As healthcare delivery in the U.S. evolves, so do providers’ real estate needs. Stay caught up on trends affecting both healthcare and commercial real estate here, with NELSON’s new Insights series examining where the interests of healthcare providers, brokers, building owners and landlords intersect with design and planning in today’s market. We’re also taking a close look at this phenomenon in the Southeast, where we now offer expanded resources and expertise in both healthcare and tenant & landlord services.

Top Five Property Features to Accommodate Healthcare Tenants

With healthcare delivery in the U.S. rapidly shifting toward outpatient-centered models, healthcare providers continue to rely more on ambulatory clinics. The commercial real estate industry will have noted this shift in the amount of providers seeking untraditional space in retail storefronts and mall settings over traditional medical office buildings. For healthcare systems, it’s a way to minimize costs, provide more convenience to the patient and accommodate technological advances that have made care delivery more efficient.

But any healthcare provider can attest to the fact that they are not the traditional retail tenant, and retail space does not magically translate to space for medical treatment. In addition to zoning and use considerations, building owners and landlords should be aware of the range of unique space features that healthcare tenants require to provide the best care for patients. By the same token, healthcare providers should be educated on property features that will allow for a smooth transition and avoid costly changes when moving into a new facility.

NELSON’s Southeast region has a long history of assisting building managers, owners and landlords in positioning their properties for a variety of tenants. In Miami, we are now bringing that commercial real estate perspective to our well-established healthcare practice as we continue to expand our service offerings for our healthcare clients in South Florida.

What should healthcare providers look for in a new property, and what should building owners and landlords target for this unique client type? Here we share our top five tips:

1. Parking and transportation access

It is important for a healthcare tenant to have sufficient, and preferably dedicated, parking for their patients. Distance to the front door can also be an issue depending on the provider’s specialty (e.g., orthopedic or rehab care will have patients in crutches; geriatric patients have difficulty walking long distances, etc.) For more urban settings, proximity to public transportation, as well as clear pick-up and drop-off space for taxi and ride sharing services, are key considerations.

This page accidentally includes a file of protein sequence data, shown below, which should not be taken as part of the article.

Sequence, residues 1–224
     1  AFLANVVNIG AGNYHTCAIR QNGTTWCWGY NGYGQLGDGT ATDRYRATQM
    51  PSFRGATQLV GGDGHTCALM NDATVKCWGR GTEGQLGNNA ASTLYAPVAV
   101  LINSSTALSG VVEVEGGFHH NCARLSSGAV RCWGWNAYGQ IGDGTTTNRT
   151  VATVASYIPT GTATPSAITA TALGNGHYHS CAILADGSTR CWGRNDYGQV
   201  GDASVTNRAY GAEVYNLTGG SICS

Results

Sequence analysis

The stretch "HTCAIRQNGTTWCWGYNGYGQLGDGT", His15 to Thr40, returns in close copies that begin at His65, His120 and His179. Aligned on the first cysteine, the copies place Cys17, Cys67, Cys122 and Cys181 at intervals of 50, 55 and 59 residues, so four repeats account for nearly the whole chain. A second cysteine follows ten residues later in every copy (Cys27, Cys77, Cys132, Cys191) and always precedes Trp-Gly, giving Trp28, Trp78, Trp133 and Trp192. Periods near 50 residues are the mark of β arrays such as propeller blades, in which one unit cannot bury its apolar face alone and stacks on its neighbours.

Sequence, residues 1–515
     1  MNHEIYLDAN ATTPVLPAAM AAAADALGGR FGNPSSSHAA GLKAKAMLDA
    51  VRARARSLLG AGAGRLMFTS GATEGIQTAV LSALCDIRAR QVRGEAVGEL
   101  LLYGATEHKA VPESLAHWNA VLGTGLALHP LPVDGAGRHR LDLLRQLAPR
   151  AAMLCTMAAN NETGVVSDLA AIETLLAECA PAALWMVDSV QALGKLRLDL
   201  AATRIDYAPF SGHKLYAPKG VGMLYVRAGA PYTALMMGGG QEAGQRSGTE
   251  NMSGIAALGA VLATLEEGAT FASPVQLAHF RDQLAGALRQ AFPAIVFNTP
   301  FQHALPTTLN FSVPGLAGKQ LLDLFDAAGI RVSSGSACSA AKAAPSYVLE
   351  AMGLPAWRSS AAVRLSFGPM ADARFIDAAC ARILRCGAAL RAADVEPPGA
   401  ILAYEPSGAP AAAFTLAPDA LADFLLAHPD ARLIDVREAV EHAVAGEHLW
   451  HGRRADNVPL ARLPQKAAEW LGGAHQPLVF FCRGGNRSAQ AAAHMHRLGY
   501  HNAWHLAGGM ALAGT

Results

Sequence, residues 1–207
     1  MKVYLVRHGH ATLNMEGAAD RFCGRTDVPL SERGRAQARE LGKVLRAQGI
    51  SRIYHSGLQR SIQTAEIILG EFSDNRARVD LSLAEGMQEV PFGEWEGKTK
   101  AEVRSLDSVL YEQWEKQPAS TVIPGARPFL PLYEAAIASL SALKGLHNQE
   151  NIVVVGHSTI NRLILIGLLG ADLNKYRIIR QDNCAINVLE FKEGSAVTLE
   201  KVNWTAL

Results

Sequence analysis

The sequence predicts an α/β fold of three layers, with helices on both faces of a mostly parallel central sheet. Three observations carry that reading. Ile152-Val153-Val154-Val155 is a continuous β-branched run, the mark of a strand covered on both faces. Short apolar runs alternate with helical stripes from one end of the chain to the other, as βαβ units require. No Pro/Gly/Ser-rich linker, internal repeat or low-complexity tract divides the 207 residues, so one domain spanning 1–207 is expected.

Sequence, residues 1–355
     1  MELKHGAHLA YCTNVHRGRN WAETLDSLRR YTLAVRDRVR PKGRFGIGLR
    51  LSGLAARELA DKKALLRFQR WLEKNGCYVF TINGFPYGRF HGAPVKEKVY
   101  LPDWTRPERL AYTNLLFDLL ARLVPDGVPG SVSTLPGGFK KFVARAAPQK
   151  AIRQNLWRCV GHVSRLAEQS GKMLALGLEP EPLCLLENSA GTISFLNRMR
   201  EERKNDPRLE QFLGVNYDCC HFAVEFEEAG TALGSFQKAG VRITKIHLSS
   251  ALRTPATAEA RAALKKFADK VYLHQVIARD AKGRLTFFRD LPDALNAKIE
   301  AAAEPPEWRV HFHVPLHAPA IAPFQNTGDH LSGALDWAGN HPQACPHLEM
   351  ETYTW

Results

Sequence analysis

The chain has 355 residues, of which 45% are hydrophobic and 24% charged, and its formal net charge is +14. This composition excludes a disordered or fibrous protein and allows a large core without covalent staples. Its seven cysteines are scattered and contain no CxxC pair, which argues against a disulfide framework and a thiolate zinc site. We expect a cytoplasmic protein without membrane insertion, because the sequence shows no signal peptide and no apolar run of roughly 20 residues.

2. Location context and adjacencies

Ability to clearly identify the healthcare provider’s identity and brand is extremely important when adjacent to other retail locations and commercial brands. This is especially true for outpatient facilities vs. physician offices. Some tenants may require more prominent locations. Adjacency to related services, such as imaging and labs where the outpatient facility may not provide them in house, provides significant added value for the tenant and convenience for the patient. Coherent wayfinding and ease of access will further support a strong exterior brand identity.

3. Adaptability of space

Space that allows for flexibility in design, has minimal fixed obstructions, readily accessible water and sanitary lines, and is proportioned to minimize long corridors (square is better than rectangular), is ideal for healthcare settings. Healthcare infrastructure, such as water, power and telecom, often responds best to a 30’ x 30’ module, although sanitary systems on such a grid will still incur substantial cost. Understanding the load-bearing capacity of the floor should housing of heavy medical equipment be necessary will be key. Finally, any sustainable design features, including LEED or WELL criteria or certifications, will naturally align with the mission and purpose of healthcare tenants. Providers will capture additional value in passing on the benefits of healthy working environments to doctors and staff.

4. Access to appropriate utilities

Confirm sufficient utility capacity, such as power availability for equipment (e.g. radiographic or procedure machines), or mechanical needs for heat-inducing equipment.

5. Flexible hours of access

Many healthcare tenants require early morning access for procedures or diagnostic testing. Others may require late hours for early evening patient treatments. In multi-tenant buildings, this may translate to necessary adjustments in hours of operation for building systems such as lighting and HVAC, or modifications in security routines and concierge services.

Jose Estevez
Principal, Healthcare Practice
NELSON Worldwide